In the fifth episode of the second season of Netflix’s reboot of Queer Eye, “Sky’s The Limit,” the Fab Five set their eyes on transforming the life of transgender man Skyler Jay. They help him redecorate his home, his closet, his facial hair, and his confidence. They even introduced him to his idol, Todrick Hall.
But while the Fab Five paraded through his life, one of the most polarizing parts of the episode was how they treated his home decor. When they first meet Skylar in his home, he is surrounded by queer people and queer imagery—a rainbow flag hangs proudly in the middle of the wall with glittery letters spelling “LOVE” overtop a protest sign that sits on the floor reading “EQUAL LOVE EQUAL RIGHTS.” A black-and-white painting of a queer person holding a wig is proudly thumbtacked to the wall, and condoms lay under the glass coffee table.
“Skylar’s house screams, ‘Queer, queer, queer, queer, queer!'” Karamo said in a confessional. “I mean, it reminds me of somebody who is in their early 20s, and everything is about being a part of the queer community.”
At the end of the episode, the Fab Five present Skylar his new home and how they updated his queer decor. Skylar is happy. The Fab Five are happy. The viewers are happy. It’s an inspiring message of updating with the times but staying true to your queer lifestyle, because for some of us being a part of the queer community is everything.
In the digital age that we live in, I decided to update my own home with tech that accentuates how queer both my roommate and I are.
Ultimate Ears Wonderboom
As soon as the UE Wonderboom entered our house, our neighbors immediately began hating us.
Yes, it’s really that loud. And portable. It can trek across my home with me, going virtually anywhere—even the shower. The wonderboom is one of the best Bluetooth speakers you can buy. It’s completely waterproof, offers true 360-degree sound, features a 100-foot range, and can pair two devices simultaneously.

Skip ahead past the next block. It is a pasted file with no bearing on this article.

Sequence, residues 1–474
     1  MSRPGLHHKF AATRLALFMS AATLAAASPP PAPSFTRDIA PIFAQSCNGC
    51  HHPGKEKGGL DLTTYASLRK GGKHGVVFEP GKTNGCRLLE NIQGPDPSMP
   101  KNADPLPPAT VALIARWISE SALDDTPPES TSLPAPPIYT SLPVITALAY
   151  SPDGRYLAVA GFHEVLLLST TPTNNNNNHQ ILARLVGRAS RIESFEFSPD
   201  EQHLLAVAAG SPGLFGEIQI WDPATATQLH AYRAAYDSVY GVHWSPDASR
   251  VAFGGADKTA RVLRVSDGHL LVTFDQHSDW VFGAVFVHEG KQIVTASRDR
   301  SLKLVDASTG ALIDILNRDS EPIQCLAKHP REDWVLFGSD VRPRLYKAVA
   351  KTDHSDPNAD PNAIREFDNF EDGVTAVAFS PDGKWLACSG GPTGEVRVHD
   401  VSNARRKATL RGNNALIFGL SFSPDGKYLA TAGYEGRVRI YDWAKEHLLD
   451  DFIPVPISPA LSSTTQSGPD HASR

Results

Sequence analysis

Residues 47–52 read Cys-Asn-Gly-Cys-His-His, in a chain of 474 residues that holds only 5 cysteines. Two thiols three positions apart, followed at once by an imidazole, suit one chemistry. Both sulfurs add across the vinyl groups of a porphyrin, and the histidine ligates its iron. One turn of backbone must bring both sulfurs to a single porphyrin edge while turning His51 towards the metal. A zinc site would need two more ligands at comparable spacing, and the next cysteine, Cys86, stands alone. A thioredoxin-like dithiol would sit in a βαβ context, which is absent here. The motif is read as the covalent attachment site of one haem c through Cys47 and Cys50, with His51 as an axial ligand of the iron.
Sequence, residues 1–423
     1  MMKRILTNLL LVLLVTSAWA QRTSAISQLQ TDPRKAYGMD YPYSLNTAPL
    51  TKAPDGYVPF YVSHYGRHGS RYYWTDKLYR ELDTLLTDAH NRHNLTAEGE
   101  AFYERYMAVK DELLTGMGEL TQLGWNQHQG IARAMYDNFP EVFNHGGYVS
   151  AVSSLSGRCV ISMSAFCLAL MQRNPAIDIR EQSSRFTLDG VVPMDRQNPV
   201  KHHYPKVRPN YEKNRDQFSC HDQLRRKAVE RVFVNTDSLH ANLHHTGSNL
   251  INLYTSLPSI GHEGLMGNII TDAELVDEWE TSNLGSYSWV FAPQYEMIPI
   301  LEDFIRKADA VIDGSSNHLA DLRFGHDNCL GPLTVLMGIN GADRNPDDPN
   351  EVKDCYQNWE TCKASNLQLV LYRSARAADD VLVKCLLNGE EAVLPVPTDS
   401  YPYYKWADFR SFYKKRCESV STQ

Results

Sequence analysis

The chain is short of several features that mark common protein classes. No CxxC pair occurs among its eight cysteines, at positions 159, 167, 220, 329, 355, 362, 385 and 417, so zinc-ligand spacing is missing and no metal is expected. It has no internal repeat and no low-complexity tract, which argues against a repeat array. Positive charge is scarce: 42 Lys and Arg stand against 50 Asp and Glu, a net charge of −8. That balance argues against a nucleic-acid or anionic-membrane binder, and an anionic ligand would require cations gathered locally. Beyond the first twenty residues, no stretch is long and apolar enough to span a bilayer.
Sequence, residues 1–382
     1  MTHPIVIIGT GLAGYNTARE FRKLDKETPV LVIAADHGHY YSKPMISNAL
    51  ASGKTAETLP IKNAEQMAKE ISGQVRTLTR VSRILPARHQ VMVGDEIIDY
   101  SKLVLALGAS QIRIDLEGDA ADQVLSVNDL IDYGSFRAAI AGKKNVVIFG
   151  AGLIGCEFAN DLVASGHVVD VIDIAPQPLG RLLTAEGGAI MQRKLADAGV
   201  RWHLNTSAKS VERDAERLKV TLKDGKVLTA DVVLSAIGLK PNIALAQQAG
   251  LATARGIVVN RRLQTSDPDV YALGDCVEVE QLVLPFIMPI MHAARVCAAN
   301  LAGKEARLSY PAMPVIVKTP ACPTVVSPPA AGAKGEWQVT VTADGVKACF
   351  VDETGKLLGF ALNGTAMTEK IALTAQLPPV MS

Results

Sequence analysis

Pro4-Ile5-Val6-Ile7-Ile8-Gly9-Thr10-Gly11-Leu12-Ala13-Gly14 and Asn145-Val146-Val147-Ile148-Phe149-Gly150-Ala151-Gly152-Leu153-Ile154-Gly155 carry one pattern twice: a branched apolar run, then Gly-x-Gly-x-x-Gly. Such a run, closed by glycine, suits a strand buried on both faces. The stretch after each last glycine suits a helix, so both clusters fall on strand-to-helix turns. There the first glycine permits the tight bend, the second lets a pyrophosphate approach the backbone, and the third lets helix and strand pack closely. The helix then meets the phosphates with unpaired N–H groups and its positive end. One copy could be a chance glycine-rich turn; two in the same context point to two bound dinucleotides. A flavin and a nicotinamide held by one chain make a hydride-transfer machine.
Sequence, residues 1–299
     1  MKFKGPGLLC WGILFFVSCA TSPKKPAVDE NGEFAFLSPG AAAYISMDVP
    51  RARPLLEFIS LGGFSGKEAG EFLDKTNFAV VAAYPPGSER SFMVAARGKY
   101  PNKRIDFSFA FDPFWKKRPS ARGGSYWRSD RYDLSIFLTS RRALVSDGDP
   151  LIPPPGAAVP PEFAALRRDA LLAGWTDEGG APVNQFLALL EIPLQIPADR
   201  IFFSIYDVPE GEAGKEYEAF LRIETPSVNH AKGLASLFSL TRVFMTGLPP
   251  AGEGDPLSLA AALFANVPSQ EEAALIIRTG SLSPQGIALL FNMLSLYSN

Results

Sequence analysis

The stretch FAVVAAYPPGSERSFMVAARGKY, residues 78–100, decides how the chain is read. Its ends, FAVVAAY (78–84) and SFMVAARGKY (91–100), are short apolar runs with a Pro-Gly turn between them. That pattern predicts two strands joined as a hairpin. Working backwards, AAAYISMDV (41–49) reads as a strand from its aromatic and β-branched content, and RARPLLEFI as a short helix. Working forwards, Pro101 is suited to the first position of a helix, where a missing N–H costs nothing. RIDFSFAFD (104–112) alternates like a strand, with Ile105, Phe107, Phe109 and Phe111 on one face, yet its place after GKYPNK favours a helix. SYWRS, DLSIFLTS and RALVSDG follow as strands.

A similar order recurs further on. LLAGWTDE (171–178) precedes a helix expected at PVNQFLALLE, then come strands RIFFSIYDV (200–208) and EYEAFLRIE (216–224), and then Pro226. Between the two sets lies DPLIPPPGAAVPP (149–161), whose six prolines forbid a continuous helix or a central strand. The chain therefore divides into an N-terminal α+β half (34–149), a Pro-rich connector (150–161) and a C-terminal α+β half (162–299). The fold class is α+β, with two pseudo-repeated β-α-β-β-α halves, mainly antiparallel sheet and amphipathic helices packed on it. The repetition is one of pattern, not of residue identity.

This $99 diminutive speaker is smaller than the Roll 2 yet pumps out much more bass than its sibling. The Wonderboom is still IPX7-rated, which means you can submerge the speaker in up to a meter of water for up to 30 minutes. It also conveniently floats.
The Wonderboom is small, adorable, and loud. Coming in multiple skins, the soda can-shaped speaker projects sounds from every side, allowing everyone the same listening experience no matter where they are.
This little speaker is perfect for small gatherings, or pre-gaming, or showering, or just pissing off your neighbor who keeps taking your laundry out of the shared washer.
Philips Hue Lights
I despise ceiling lights, a lot. They drain the room of all its life and vibrancy. Their light is harsh and unflattering. So, I fill my home with lamps. Mostly basic, plain lamps that don’t distract from my colorful furniture.
I also love party lights. Every house or apartment I’ve claimed as a home has seen its share of gimmick lights. Then, I discovered Philips Hue. It’s honestly my favorite part of my house. Connecting to a bridge that lives on your wi-fi network, you can control the color and brightness of the Hue lights. With what seems like an endless number of apps that work with the lights, the possible color matches are honestly endless.
But, let’s start with the basics.
The original Philips Hue package is designed to replace a traditional A19 bulb and can change to more than 16 million colors. The starter pack includes three lights plus a Hue bridge (which you’ll need to control any Hue lights). Philips also sells a version of this kit with four lights for $199.
You can expand your lighting options through a number of different Philips Hue bulbs. This includes everything from plain white bulbs to multicolored lightstrips and other bulbs that fit smaller sockets. Just remember, you’ll have to connect them to your bridge first.
These lights work for every part of my life—movies, cleaning, reading, dancing, and sleeping.
FujiFilm Instax Wide
This might not be new, or technologically advanced, but it’s a must-have in any home. The Instax Wide takes you back to good days of Polaroid Cameras—delivering phenomenal instant photos straight from the camera.
It’s been on the market for years, and the price has barely dropped, costing you around $90 for the camera itself (depending on where you buy from) and roughly $1 a photo. But damn is it worth it.
For example, I bought 40 photos for my Halloween party. I made a point to take a photo of every, single person who came in costume. I had planned to make a very dark, very scary shrine to my loved ones on Halloween day. But most people snuck their photos out of the house, and I was forced to make voodoo dolls of them.
As queer people, a lot of the Polaroid photos of us were taken when we were very closeted or living a completely different life. We want new ones to fill our walls, photo books, and lives. The FujiFilm Instax Wide gives us a new way to do that.